Favorites from Kwine
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What are we using for cheap cell service these days? I specifically need a service that will TELL me via text when I have exceeded my data limit and will be charged extra. I just discovered that I have been accidentally leaving my phone with wifi turned off and racking up insane bills with Spectrum and had no idea because they don't text me. So upset.
Fraidycat (Mac/Windows/Linux/Chrome/Firefox) is a "feedspeeder" for following blogs, Twitter accounts, Twitch streams, and more. Unlike RSS readers or social media news feeds, heavily active follows are given equal weight with less active follows, letting you scan several follows quickly. You can also tag your follows and organize them by how frequently you want to check up on them. (h/t Robin Sloan)
Die Sendung mit der Maus (German link) is the oldest kids' show on German TV - it first aired in 1971. Its main charm was its unhurried, affirming and positive approach to children's stories and children's questions. Despite multiple makeovers, the basic format remains the same: each episode has animated shorts (Lachgeschichten) and documentaries about everyday things (Sachgeschichten). But most of all, we children loved the Maus Spots that separated the individual blocks from each other: charming, wordless adventures of a very big, orange mouse and a very small, purple elephant. The best thing is: It's all available online and if your kids are like mine, they will love Mouse and Elephant, too.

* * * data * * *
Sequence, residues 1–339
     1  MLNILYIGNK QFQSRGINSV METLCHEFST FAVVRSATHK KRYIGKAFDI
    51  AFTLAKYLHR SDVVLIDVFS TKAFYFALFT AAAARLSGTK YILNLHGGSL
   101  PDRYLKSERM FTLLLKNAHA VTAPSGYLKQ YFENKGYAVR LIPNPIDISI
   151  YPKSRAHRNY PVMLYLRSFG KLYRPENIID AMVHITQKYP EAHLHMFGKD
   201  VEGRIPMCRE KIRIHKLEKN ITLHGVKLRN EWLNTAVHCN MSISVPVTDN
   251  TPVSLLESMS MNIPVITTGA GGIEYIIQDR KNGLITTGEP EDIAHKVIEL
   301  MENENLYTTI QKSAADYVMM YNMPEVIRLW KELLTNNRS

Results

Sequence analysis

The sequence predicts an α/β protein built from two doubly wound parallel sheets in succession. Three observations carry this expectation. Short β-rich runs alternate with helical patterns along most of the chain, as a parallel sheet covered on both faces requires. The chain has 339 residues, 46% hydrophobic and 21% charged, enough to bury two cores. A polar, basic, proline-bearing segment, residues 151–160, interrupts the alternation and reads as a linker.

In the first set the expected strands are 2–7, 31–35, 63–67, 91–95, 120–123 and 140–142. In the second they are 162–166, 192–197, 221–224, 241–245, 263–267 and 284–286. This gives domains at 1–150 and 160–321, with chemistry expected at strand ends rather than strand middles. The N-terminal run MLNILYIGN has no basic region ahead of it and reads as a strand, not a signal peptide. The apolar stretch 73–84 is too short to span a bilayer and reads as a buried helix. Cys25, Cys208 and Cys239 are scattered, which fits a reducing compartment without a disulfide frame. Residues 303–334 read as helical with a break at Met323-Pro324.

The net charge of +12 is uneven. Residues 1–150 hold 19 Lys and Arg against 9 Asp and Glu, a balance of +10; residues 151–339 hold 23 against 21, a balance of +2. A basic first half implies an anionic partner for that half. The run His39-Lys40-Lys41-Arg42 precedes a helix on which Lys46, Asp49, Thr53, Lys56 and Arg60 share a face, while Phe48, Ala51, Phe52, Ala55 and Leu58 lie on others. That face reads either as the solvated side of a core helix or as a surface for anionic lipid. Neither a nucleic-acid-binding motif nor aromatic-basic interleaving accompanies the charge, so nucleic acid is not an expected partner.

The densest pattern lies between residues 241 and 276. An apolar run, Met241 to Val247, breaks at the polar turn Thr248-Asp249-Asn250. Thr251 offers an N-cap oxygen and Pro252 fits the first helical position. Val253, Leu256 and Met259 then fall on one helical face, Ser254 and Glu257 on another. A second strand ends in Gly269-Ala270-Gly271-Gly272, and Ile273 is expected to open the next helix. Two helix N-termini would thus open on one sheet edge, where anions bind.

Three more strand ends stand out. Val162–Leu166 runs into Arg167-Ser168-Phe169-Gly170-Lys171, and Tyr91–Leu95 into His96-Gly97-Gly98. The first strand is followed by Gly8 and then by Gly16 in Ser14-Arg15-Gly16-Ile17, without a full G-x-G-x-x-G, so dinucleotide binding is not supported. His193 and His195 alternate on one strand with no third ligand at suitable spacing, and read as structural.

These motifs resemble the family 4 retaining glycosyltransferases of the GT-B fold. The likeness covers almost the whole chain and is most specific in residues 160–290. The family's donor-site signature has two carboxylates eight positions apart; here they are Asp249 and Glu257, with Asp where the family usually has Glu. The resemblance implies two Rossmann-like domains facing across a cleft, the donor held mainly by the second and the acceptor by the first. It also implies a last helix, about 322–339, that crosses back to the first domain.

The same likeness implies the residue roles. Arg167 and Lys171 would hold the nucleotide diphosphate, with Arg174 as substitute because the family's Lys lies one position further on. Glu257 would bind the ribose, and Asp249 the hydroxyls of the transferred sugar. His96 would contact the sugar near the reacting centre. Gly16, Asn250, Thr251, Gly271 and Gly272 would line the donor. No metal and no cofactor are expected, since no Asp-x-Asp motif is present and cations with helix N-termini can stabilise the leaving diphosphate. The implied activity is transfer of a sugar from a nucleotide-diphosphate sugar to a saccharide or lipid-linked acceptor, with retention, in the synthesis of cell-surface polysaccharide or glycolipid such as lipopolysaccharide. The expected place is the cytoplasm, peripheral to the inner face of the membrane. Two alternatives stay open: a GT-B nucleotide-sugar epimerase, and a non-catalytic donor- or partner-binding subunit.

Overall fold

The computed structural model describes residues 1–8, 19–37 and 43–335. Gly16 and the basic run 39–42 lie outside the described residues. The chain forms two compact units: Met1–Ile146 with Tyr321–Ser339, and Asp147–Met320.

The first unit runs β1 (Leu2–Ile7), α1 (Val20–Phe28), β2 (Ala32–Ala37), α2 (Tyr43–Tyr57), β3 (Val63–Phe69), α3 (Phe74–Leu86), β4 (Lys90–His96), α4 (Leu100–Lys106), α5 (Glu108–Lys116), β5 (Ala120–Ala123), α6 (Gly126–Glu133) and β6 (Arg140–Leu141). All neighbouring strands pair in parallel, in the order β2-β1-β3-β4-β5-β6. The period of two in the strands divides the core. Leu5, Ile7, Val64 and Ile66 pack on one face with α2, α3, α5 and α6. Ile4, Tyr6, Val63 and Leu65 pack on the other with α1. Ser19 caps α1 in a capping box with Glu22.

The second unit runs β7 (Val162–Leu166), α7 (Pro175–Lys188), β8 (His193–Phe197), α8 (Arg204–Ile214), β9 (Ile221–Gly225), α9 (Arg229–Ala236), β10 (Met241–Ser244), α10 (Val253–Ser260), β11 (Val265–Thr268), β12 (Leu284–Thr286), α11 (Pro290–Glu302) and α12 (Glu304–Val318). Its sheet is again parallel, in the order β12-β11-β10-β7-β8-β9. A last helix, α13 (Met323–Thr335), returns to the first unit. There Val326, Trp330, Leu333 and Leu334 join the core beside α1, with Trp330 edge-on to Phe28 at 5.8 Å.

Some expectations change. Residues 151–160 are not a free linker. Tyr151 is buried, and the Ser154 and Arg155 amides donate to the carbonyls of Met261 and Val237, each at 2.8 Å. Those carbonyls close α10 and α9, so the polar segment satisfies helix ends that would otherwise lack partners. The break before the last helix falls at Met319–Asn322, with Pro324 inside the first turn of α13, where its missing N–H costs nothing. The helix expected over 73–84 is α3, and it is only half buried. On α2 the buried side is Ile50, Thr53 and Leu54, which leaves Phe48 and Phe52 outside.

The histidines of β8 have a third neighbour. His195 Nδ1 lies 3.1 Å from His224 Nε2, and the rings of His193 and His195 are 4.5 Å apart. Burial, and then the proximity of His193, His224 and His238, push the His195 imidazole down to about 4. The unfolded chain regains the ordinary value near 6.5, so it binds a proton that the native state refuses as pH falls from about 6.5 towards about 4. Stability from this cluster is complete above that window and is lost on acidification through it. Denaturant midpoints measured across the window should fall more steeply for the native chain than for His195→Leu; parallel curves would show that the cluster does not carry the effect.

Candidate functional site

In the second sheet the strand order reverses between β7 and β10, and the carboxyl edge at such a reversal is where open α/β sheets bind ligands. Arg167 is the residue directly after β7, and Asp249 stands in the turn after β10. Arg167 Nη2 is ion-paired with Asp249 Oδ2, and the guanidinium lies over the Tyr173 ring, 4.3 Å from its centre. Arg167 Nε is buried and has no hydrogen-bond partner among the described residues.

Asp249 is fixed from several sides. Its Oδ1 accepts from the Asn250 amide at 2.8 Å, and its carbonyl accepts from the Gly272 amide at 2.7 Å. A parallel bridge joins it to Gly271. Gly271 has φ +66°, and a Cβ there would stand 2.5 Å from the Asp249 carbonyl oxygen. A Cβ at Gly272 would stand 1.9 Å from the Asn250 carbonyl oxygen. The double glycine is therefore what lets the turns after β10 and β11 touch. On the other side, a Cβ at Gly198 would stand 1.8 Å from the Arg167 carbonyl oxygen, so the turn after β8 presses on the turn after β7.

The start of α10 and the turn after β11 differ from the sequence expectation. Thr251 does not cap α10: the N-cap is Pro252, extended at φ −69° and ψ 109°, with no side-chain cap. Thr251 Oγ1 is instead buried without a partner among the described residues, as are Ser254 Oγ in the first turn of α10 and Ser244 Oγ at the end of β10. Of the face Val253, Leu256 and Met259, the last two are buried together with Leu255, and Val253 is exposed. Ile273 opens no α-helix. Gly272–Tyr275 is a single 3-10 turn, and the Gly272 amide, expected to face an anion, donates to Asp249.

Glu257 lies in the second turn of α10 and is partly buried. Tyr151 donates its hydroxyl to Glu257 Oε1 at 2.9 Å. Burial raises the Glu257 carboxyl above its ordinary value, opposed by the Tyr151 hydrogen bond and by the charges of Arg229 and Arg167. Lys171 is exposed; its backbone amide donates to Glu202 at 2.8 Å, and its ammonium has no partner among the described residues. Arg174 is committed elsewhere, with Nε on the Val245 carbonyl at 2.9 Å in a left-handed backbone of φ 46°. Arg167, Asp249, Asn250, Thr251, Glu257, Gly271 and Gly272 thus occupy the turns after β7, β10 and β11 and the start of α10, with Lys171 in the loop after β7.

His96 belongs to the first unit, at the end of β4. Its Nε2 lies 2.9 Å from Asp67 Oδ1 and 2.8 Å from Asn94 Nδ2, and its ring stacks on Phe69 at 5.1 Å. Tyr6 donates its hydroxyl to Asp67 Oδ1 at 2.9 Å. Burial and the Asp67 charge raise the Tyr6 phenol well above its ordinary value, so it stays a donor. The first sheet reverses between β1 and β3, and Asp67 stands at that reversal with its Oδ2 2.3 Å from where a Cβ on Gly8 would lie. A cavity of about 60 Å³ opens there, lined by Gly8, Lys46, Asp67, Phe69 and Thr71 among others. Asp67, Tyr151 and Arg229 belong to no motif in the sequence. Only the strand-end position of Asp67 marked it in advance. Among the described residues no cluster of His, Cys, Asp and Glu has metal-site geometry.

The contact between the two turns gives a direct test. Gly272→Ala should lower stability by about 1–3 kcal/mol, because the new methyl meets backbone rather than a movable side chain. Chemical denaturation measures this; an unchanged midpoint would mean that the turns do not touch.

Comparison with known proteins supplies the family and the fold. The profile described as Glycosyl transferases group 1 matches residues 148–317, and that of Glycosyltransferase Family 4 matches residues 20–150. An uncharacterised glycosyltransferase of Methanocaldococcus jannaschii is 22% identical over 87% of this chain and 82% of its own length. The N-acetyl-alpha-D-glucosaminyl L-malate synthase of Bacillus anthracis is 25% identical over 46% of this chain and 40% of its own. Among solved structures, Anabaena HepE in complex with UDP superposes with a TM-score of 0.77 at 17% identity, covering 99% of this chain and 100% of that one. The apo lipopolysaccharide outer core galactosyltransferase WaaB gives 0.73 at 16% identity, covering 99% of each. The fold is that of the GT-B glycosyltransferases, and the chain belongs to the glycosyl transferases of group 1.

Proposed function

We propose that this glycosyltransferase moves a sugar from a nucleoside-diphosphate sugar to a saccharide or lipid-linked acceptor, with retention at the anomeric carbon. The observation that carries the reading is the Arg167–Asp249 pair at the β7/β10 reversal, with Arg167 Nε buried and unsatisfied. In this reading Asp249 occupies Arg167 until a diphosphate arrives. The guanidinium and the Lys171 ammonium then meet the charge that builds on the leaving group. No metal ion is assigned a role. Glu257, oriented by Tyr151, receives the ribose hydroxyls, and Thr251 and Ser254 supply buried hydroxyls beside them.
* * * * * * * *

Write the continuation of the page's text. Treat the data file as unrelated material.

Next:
Hi, I'm an intermediate piano player* who would like to learn to play Christmas music on the piano. I'm looking for fairly straightforward, but beautiful, versions of the classics, and would like to buy a single book rather than finding versions of each song individually. I'd particularly like to learn "Have Yourself a Merry Little Christmas". What book would you recommend?
I've found lots of good channels over the years from posts on the Blue...but that surely is only the icing on a delicious, curated cake. Share your favorite youtube channels!
I want to learn more about the history of Europe, with a particular focus on Germany. I'm not interested in the 20th century yet, I feel like that's starting at the end of the story. Do you have book, documentary, series recommendations for me?
What is the easiest and most constructive way to learn German? Would it be best to start with the prononucitations first, since they seem the most difficult to grapple with? Should one learn how to spell it first or speak it first? Is a tutor worth the financial investment and time? How long does it usually take to learn casual German? Thanks.
It's looking like there's a very good possibility that I will be transferring to my company's home office in Munich, Germany by the end of the year. We would be there for 3-4 years. I have never been out of the US for more than 1 day. I have a bazillion questions inside!
I'm learning Spanish and something which I found really helpful when learning German was Sachgeschichten - short educational videos about diverse topics aimed at children. Is there any equivalent in Spanish?